Private equity firms are known for finding value and milking additional value out of many public companies. Some companies are very generic and bought for cash flow, while others are unique and harder to value. This morning came news that private equity giant Apollo Global Management, LLC (NYSE: APO) is making a very uniques acquisition of CKX Inc. (NASDAQ: CKXE). This deal is only likely to highlight other ‘value’ in other unique public company business models.
CKX is far from a normal public company and it was one of several highly unique public companies we have recently featured and most of these could even be classified as cult stocks. Pinpointing a real value in CKX comes down to “beauty is in the eye of the beholder.” The company owns the rights to the name, image and likeness of Elvis Presley and Muhammad Ali, the operations of Graceland, and proprietary rights to the IDOLS and So You Think You Can Dance television brands. Robert F.X. Sillerman resigned as its Chairman and CEO to pursue a possible acquisition of the company but those talks ended in 2010. The company’s total assets were $460.8 million at the end of 2010 and the buyout is being valued at close to $510 million.
We have highlighted each of these other unique public companies in a brief description below and that full prior article on unique companies goes much deeper into the operations and values of each. Today we have only a brief description and a market capitalization rate compared to total asset values (not book values).
Collectors Universe Inc. (NASDAQ: CLCT) is effectively the last public company out there pertaining to grading and evaluating collectibles and grading other items. The market cap here is about $120 million and the assets are about $37 million.
Destination Maternity Corporation (NASDAQ: DEST) screens out as a retailer, but it is effectively a pure-play in maternity clothing and apparel, with over 1,700 retail locations. The market cap here is only about $300 million versus a total asset size of about $200 million.
Lululemon Athletica, Inc. (NASDAQ: LULU) has become so large that it will almost be forced to live up to its yoga-monopoly image. Amazingly, very few ‘knock-off’ imitation companies exist on their own. Lulu’s market cap is now over $7 billion and its valuations totay are likely to scare away a buyer; its total assets were valued recently a about $500 million.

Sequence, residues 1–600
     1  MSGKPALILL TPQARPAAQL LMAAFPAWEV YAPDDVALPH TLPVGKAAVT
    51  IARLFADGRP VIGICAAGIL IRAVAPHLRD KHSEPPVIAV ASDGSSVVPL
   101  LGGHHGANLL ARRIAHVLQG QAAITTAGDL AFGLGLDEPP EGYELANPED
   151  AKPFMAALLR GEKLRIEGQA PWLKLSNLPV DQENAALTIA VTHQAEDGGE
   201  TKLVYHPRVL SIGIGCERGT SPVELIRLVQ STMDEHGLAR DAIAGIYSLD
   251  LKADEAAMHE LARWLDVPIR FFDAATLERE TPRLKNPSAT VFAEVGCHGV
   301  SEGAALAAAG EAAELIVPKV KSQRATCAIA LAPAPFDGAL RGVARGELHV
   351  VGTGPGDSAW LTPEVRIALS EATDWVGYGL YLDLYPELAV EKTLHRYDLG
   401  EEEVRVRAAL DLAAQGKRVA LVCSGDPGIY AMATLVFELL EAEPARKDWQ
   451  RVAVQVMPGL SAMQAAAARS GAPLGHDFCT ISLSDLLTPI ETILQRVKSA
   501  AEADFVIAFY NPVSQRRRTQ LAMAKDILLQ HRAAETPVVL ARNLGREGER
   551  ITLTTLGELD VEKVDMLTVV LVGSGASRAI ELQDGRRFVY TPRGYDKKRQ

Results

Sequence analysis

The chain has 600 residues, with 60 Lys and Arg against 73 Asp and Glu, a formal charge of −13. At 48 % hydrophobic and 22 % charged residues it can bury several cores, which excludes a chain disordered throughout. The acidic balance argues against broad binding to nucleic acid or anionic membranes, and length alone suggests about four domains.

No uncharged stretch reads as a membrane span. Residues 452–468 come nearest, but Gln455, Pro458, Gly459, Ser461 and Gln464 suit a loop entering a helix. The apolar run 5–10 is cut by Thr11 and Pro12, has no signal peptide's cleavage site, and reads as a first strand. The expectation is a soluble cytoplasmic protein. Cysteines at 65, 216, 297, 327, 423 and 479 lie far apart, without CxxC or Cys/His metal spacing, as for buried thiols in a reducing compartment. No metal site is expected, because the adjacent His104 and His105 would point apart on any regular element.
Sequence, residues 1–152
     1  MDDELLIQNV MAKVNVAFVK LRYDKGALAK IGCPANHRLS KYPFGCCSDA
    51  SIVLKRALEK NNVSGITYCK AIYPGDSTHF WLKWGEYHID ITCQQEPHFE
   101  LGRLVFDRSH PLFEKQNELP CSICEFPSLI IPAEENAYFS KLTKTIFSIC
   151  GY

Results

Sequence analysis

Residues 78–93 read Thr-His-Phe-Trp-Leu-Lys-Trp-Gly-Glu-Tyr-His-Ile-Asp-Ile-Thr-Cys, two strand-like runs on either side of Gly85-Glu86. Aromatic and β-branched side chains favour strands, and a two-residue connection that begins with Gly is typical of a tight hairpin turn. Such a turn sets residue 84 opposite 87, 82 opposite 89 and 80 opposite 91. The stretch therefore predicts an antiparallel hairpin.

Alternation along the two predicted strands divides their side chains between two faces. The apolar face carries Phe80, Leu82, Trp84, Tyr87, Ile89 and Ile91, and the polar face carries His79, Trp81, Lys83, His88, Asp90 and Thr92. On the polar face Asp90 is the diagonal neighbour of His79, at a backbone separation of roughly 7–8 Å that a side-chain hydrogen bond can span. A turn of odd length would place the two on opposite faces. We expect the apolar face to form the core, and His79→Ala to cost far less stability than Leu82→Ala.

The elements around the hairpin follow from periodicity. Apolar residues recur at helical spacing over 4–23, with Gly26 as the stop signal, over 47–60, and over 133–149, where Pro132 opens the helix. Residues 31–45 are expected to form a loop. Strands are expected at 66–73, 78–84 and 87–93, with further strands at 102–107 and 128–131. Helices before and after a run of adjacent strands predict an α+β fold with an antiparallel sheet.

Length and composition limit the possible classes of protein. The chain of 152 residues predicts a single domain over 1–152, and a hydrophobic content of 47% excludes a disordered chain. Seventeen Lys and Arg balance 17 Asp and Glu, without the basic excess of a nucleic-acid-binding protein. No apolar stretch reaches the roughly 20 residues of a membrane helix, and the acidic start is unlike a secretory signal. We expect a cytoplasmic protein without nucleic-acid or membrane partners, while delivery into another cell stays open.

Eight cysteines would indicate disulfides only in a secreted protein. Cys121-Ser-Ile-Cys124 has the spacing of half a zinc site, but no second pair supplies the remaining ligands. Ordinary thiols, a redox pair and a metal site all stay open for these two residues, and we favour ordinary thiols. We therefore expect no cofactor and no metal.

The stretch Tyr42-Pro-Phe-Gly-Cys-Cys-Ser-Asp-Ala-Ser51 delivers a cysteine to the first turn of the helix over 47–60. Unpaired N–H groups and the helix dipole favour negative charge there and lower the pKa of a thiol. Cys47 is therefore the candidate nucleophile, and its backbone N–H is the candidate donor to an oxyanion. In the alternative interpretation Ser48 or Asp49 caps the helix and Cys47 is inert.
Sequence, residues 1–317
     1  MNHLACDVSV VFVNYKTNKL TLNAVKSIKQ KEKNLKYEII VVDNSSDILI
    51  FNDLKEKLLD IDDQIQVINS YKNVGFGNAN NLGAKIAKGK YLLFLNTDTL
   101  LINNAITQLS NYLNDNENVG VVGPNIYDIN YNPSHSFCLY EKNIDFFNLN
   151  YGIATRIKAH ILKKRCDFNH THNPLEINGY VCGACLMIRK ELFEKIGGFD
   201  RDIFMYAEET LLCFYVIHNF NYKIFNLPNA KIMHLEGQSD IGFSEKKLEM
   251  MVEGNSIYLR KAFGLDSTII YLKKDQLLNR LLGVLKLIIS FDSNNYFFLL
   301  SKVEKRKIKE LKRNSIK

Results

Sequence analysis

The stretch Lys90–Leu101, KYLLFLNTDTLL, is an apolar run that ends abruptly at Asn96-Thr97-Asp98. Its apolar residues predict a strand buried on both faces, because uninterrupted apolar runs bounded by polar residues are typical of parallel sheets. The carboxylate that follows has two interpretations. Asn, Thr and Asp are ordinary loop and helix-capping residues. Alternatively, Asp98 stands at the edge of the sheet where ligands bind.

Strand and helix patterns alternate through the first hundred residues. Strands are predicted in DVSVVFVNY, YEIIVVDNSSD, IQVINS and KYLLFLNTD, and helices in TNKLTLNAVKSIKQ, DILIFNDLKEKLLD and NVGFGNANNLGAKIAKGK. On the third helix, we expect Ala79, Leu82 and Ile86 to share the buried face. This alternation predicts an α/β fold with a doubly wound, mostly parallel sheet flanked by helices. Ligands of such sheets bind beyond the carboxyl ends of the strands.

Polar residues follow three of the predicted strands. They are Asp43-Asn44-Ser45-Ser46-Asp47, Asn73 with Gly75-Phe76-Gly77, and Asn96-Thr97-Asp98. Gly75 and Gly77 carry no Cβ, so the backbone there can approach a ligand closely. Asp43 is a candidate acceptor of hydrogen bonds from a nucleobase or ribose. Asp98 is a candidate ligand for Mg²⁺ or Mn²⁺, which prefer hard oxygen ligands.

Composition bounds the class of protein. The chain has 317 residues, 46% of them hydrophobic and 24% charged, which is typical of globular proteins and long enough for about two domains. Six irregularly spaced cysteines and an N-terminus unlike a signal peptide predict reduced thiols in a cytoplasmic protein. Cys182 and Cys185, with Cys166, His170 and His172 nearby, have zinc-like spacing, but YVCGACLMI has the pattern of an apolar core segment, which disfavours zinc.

Madison Square Garden, Inc. (NASDAQ: MSG) fits right in for private equity via sports teams, entertainment, and highly recognized venues. The Garden has a $2 billion market cap and its total assets were listed as worth close to $2.2 billion.
Odyssey Marine Exploration Inc. (NASDAQ: OMEX) is basically a publicly traded treasure hunting outfit. Why not get a bunch of billionaires to scuba dive ancient shipwrecks? Total assets are listed as about $19 million versus a market cap of about $235 million. That market cap does not really include its potential project values and future finds.
Premier Exhibitions, Inc. (NASDAQ: PRXI) is truly unique, part artifact-owner and part museum. It owns the BODIES exhibit and has the Salvor-In-Possession rights to the shipwreck of HMS Titanic and has the museum exhibit Titanic: The Artifact Exhibition. Its market cap is only about $85 million and its total assets are listed as being about $37 million.
Rick’s Cabaret International Inc. (NASDAQ: RICK) is truly unique as it screens out as a “restaurant” in financial screens. It is America’s broadest play on “adult nightclubs for businessmen and professionals.” Its market cap is just over $100 million with a total asset valuation of close to $150 million. Obviously, the big question will be if a private equity firm wants to explain why it suddenly owns strip clubs.
Royal Gold, Inc. (NASDAQ: RGLD) is not your normal gold stock as it is involved in royalty acquisitions. Amazingly, it has only about 20 employees and commands a market cap of $3.25 billion with a total asset valuation of $1.86 billion.
Maybe some of these companies can fit into a private equity portfolio. Keep in mind that some may be too unique or may be in industries which private equity firms choose to avoid.
That more detailed review of very unique public companies is here.
JON C. OGG